You’ve got to tell people what they want to hear without compromising who you are.
What I learned running for an elected position
Today more than ever, it seems that people get elected primarily by knowing what to say without necessarily knowing what to do. I hope we can get a little of both from Minneapolis Mayor-elect Betsy Hodges. Just to be sure, I’d like to share a story about the time I ran for political office during college.
I decided to run for student library privileges liaison because it seemed like a sinecure. With only one competitor and a single debate over lunch, I fancied myself a shoo-in. I remember formulating a plan for reciprocal library privileges with other colleges and borrowing a blue blazer from a frat brother. When the debate day came, I stepped up to the lectern and offered some sensible comments about my “platform.” As I sat back down, I noticed two people making out in the back of the lunchroom. I’ll never forget the next five minutes. A long-haired guy wearing boots, darkened glasses and a sweeping black cape ascended to the lectern and proceeded to rant for five minutes about the lack of LGBT representation on the student council and the searing injustice of apartheid in South Africa. I think the couple in the back ran down to kiss him.
It was then I learned that the trick to politics is being able to tell people what they want to hear without compromising who you are.
CHRIS BIRT, Minneapolis
BUS DRIVER FIRED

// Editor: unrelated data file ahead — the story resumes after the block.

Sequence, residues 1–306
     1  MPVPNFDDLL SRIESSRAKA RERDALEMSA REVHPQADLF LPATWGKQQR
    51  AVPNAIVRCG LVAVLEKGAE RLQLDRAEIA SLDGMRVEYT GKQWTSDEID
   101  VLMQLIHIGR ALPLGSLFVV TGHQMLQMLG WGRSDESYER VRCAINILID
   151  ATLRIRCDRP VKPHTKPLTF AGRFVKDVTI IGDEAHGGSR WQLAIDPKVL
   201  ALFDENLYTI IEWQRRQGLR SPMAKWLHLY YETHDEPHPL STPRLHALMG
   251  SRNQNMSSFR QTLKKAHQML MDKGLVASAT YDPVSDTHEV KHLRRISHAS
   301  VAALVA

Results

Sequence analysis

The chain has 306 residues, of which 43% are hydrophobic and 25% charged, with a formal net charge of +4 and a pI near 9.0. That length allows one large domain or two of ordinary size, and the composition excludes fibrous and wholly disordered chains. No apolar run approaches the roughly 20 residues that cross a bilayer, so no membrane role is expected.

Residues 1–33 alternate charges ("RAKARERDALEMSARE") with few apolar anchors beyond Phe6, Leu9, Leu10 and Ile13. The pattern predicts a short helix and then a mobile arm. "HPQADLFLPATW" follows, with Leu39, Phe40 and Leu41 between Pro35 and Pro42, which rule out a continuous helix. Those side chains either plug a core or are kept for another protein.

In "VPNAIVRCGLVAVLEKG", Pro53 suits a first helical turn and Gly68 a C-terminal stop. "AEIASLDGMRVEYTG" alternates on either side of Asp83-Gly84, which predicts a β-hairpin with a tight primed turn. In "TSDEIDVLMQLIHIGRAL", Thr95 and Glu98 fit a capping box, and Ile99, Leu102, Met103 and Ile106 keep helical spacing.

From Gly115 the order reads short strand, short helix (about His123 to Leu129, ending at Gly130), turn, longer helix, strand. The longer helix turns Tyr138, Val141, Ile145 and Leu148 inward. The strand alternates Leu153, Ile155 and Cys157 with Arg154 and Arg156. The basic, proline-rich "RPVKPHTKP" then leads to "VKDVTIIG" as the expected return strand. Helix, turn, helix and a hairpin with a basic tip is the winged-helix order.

There’s another side to this story …
I’m not crazy about bus drivers leading kids in Christian prayer, because of its exclusionary nature. But there’s another side to the story of George Nathaniel (“Bus driver led students in prayer and lost his job,” Nov. 6). As my grandson’s bus driver, Nathaniel sought and gained my grandson’s mom’s approval of praying with him. A Christian pastor, the bus driver goes by the name “Apostle.” I came to call him “The Magician.”
Apostle and my grandson, both people of color, in a short time established an incredibly strong, mutually caring relationship, one that influenced my grandson beyond the bus ride. He had been having difficulty in school, but did a 180 shortly after Apostle became his driver. My grandson says there’s a connection.
I believe it, after watching him come home with a big grin day after day, due to wholesome banter with Apostle. They connected around things my grandson was interested in — basketball, for starters. During this time, my grandson gave me a hug before he got on the bus each day and greeted me enthusiastically at the end of the day. This had not always been the case. Somehow, Apostle made it “cool” to grade-schoolers to be respectful and cooperative.
I understand the bus company’s and school district’s action in firing him after a warning notice. But I’m sorry Apostle isn’t my grandson’s bus driver anymore.
RICH COWLES, Eagan
FRANKEN AND THE ACA
I distrust the motive behind new concern
For the past five years, Al Franken has been a rubber-stamp vote for Harry Reid and the Senate Democratic programs, including Obamacare. He provided the 60th vote that allowed this monstrosity of a law to pass. So why after five years in office is he suddenly concerned about the effect of Obamacare on Minnesotans (Hot Dish Politics blog)? Oh, I forgot: He’s up for re-election in 2014.
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